Suboxone is a dangerous combination of buprenorphine and naloxone and is widely used in opioid addiction treatment. However, as a potent opioid itself, the buprenorphine from the drug directly affects the central nervous system (CNS), causing dependence. Once dependence develops, you’ll more than likely feel a physical need to use it in order to function regularly on a daily basis.
Suboxone works by latching onto opiate receptors that are usually bound by the brain’s natural neurotransmitters; this interferes with the signal transmission from the nervous system to the brain. With continued use over time, your body slows down the production of neurotransmitters, which makes your body dependent on an outside source (Suboxone) in order to work normally.
There are two major indicators of physical dependence on Suboxone: tolerance and withdrawal.
Tolerance – a physiological adaptation mechanism; when tolerance increases, initial doses don’t have any effect on you any longer. You may then require higher doses and use it more often in to achieve the desired effects.
Withdrawal – occur several hours after the last missed dose (reaching their peak within 2-5 days post usage); the entire process typically lasts about 7-10 days, but in some cases takes several weeks to fix.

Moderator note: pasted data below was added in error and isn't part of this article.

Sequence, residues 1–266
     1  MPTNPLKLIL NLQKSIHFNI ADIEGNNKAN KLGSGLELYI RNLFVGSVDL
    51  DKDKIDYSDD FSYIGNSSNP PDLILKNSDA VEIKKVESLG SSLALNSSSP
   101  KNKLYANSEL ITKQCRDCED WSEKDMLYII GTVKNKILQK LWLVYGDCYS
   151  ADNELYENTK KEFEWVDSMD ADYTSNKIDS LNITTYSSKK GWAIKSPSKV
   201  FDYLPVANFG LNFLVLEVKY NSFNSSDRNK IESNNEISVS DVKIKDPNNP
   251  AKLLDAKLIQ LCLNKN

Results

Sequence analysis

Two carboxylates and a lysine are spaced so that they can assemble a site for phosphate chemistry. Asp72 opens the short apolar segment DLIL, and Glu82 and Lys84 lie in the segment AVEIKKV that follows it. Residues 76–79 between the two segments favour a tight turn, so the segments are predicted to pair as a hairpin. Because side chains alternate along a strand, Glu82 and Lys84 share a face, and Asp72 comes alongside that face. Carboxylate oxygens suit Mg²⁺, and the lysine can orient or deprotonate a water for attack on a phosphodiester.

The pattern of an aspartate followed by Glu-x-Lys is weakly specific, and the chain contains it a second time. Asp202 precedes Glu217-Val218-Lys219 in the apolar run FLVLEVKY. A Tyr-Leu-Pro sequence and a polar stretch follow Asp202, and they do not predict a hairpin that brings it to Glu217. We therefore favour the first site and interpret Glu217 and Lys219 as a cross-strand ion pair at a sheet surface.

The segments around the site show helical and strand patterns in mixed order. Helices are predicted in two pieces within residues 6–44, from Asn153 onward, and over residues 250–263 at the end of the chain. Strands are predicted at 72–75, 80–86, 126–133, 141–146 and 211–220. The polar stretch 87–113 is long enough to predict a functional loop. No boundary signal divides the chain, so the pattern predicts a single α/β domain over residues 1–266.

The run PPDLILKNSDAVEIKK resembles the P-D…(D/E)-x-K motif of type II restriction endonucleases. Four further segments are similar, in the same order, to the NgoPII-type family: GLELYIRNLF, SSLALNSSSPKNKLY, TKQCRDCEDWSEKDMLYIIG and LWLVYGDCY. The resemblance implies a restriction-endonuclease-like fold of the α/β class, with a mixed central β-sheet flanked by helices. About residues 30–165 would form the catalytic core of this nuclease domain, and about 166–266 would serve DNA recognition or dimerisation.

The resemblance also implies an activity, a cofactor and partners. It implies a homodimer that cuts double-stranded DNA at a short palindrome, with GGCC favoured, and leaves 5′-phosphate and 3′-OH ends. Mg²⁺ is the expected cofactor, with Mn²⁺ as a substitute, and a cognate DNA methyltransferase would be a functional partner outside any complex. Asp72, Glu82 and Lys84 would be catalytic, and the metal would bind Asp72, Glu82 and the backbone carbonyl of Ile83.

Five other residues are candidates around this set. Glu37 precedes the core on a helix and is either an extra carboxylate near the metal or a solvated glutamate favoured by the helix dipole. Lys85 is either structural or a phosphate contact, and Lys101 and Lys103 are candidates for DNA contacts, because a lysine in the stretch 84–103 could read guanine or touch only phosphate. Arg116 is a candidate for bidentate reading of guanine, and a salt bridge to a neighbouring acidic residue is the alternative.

What does withdrawing from Suboxone look like? These are the most common symptoms of Suboxone withdrawal:
- Body aches
- Mood changes
- Cold sweats
- Poor appetite
- Runny nose
- Trouble sleeping
- Watery eyes
Despite this, Suboxone dependence is not the same as Suboxone addiction. Physical dependence is the state of your body after a period of drug use; as your body creates a new state of homeostasis with Suboxone, lowering or stopping doses disturbs this newly established equilibrium. Trying to maintain its new balance, your body exhibits withdrawal symptoms. Yet after the symptoms subside, Suboxone will no longer be needed.
Suboxone addiction is a state of mind. It is identified by obsessive drug seeking, compulsive use (regardless of awareness of the risks), cravings, loss of control over dosage, and frequent usage. Cravings and drug-seeking behavior are often still present, even after Suboxone leaves the body.
Drug dependence is uncomfortable, and very hard to deal with. At Asana Recovery, we understand the hurdle of recovering from addiction through our daily work assisting those struggling most from the disease. While some may believe they can make it alone, rehabilitation programs are essential in the fight to break dependency. Counseling and aftercare processes can greatly assist you in addressing cognitive facets that lead you to addiction, and help establish structures to cope with life without succumbing to drug use.
Monitored detoxification and in house treatment at Asana Recovery are offered in a relaxing, supportive environment. We’re always committed to making sure of a long term recovery while guiding you toward a healthier future. There’s no better time than now; we’re readily available to speak with you! Give us a call at (949) 438-4504 to learn more information about this comprehensive alcohol and drug addiction treatment program today!